Polarization of interests grows over Syria's Idleb

By Haifa Said
0 Comment(s)Print E-mail China.org.cn, October 12, 2018
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Photo taken on Sept. 18, 2018 shows a general view of the Security Council meeting on the situation in Syria at the UN headquarters in New York. UN Special Envoy for Syria Staffan de Mistura on Tuesday asked for the quick implementation of a Russia-Turkey agreement to set up a demilitarized buffer zone in Syria's Idlib province, which could avert a full-scale attack on the last major rebel stronghold in the country. [Photo/Xinhua]

Developments in the Syrian arena have been unfolding at an accelerated pace over the past weeks, with the northwestern city of Idleb making the headlines. Idleb is the militants' last stronghold in the Arab country, and therefore, the strategic spot where the Syrian state is poised to seal a final military victory in the ongoing seven-year war.

After having retaken the strategic areas of Damascus's Ghouta and the country's south, the Syrian army has been preparing to start a large-scale offensive in Idleb, now home to thousands of hardline militants and "jihadi" fighters, to further consolidate the government's full authority over the Syrian territory.

However, the anti-Syrian government regional and international forces will not be happy seeing President Bashar al-Assad, whom they have failed to topple throughout the seven years of the war, come out victorious and in a stronger position where he would likely be unwilling to make political concessions to fulfil those forces' military, political and economic interests. 

It was neither a surprise nor a new occurrence to see that an American-led Western propaganda campaign has been launched as the showdown over the Idleb battle looms, making baseless allegations that President al-Assad was planning to use chemical weapons in the upcoming battle, and threatening a "much stronger response" than the tripartite U.S.-British-French missile attack on Syrian sites last April.

Providing no evidence, not to mention motives for the Syrian government force which, on a winning streak, has no reason to do a foolish thing that it knows will evoke an international response, the claim by countries in the West is clearly meant to mislead public opinion to justify a possible foreign intervention in Syria.

Aware of the ploy, Russia has provided evidence that the militants and the notorious Western-backed White Helmets group, which has previously staged false-flag chemical attacks in Khan Sheikhoun and in Douma, have smuggled chlorine into Idleb to orchestrate possible chemical provocations in order to evoke a retaliation against the Syrian government.

Polarization has been growing over Idleb, which has become a platform for intertwined interests of regional and international players seeking to achieve multidimensional gains in the conflicted Middle East region.

Donald Trump's statements about withdrawing U.S. troops from Syria have receded and been replaced by agreeing to an indefinite military effort, with new military bases being built in northeastern Syria and NATO warships sent to the Syrian coast, alongside a new diplomatic push, mainly aimed at forcing the exit of Iran and Hezbollah from the country and getting a share of Syria's oil sector, with or without Russia's help.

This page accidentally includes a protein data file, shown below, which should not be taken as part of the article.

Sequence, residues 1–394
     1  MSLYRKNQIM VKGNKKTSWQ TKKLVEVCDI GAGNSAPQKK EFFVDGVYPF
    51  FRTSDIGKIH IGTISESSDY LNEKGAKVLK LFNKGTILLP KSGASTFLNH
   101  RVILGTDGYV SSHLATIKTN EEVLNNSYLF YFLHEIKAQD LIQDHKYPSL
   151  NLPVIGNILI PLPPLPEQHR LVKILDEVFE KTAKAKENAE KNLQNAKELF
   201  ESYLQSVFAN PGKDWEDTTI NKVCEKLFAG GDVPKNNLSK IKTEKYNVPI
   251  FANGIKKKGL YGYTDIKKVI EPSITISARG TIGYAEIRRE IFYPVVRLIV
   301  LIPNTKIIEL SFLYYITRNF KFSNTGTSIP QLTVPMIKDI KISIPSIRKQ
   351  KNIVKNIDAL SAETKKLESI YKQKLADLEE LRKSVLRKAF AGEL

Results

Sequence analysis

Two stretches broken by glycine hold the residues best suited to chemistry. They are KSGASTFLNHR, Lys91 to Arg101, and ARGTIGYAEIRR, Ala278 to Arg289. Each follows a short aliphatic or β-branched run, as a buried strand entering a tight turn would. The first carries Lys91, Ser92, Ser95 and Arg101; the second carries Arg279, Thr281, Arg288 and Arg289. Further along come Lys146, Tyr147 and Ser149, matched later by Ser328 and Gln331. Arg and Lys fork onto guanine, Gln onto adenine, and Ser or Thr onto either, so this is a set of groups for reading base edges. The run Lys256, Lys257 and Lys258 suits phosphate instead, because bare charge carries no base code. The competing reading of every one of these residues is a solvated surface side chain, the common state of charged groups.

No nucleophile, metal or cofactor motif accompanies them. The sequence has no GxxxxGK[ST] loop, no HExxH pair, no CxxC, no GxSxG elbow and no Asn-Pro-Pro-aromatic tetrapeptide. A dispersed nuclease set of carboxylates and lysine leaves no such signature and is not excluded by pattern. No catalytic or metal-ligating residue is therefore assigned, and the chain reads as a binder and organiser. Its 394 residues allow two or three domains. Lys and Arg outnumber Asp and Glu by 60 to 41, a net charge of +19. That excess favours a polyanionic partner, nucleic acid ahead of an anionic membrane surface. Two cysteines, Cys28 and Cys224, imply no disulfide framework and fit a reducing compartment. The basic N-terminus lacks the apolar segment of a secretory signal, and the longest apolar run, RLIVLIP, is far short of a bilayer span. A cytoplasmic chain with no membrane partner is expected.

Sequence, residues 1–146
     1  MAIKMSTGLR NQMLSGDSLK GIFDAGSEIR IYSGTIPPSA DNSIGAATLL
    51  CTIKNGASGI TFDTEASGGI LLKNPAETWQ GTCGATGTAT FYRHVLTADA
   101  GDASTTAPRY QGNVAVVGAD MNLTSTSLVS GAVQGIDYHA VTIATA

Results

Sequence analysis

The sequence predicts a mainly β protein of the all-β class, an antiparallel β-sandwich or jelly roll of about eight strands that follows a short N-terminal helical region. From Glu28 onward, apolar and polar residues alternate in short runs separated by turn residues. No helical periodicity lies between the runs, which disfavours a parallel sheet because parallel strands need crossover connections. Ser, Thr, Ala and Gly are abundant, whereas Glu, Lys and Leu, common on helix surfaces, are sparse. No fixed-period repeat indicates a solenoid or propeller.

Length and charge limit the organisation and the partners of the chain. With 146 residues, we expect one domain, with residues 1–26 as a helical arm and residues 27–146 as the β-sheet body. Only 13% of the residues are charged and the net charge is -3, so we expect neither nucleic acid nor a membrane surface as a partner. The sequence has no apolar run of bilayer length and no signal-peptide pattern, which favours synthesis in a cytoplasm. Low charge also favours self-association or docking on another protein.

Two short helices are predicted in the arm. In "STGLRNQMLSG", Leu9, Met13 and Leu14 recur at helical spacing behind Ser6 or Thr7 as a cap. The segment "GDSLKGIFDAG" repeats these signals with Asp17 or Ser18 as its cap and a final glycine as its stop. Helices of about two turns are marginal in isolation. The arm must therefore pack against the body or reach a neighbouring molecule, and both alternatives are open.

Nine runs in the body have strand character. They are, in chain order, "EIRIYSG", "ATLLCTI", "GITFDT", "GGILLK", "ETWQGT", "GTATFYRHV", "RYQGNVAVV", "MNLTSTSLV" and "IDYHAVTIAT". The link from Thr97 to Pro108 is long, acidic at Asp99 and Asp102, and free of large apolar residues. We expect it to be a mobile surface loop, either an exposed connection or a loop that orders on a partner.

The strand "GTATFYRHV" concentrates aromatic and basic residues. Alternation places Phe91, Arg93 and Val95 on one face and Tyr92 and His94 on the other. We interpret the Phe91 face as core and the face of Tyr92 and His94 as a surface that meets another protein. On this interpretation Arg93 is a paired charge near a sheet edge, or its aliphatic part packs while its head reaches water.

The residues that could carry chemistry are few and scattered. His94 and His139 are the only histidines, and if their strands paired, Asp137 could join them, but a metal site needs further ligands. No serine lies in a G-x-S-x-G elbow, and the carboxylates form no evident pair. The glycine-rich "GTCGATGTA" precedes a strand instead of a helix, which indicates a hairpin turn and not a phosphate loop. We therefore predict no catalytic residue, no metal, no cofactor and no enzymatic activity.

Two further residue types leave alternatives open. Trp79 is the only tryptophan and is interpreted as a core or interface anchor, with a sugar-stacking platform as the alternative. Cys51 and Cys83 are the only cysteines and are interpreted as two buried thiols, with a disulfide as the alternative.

Forcing Iran and Hezbollah out of Syria is the highest goal of Washington's closest ally in the Middle East, Israel, which has continued striking sites in Syria while keeping a coordinated "de-confliction" relationship with Russia.

Having bolstered its military presence in Idleb, Turkey wants to eliminate the Kurdish threat in northern Syria, ensure its borders' safety and guarantee the future of the militant groups which it has supported and used throughout the past years against the Syrian army and the Kurds.

Iran wants to ensure that the Syrian government gains a firmer grip over Idleb and the entire Syrian territory, whereby it can consolidate its position in the face of its staunchest foes, Washington and Tel Aviv.

Faced with this complicated situation, Russia, which has played an influential role in the defeat of ISIS in Syria and wants to remain a regional power in the Middle East, is seeking to balance the conflicting interests of the different players.

In this context, Moscow, in coordination with Damascus and Tehran, agreed with Ankara on Sept. 17 to establish a Turkish-Russian controlled "demilitarized zone" in Idleb, which undermines the possibility of Western intervention in the north and in the political settlement, and will reportedly end in the restoration of the Syrian government's authority in the city, after the militants' withdrawal from residential areas. 

While escalation-defusing efforts were in place, an incident with likely game-changing consequences surfaced. Enraged by the agreement, Israel launched a new attack on Syria, causing a Russian Il-20 reconnaissance aircraft with 15 people aboard to be accidentally downed by the Syrian air defense systems after using it as a cover for its four attacking warplanes.  

In response to the incident, which Moscow insists was intentional, Russia has started delivering S-300s to Syria and providing it with automatic control systems that can jam satellite navigation, radar and communication systems of combat aircraft, to upgrade the security of Russian sites in Syria.

The bold Russian moves, which could lead to the closure of much of Syrian airspace, will put Israel's hitherto free military movement over Syria on a leash. It will also bring Damascus, Moscow and Tehran closer in the face of the U.S.-led NATO buildup, potentially increasing military tensions in the region to a new high.

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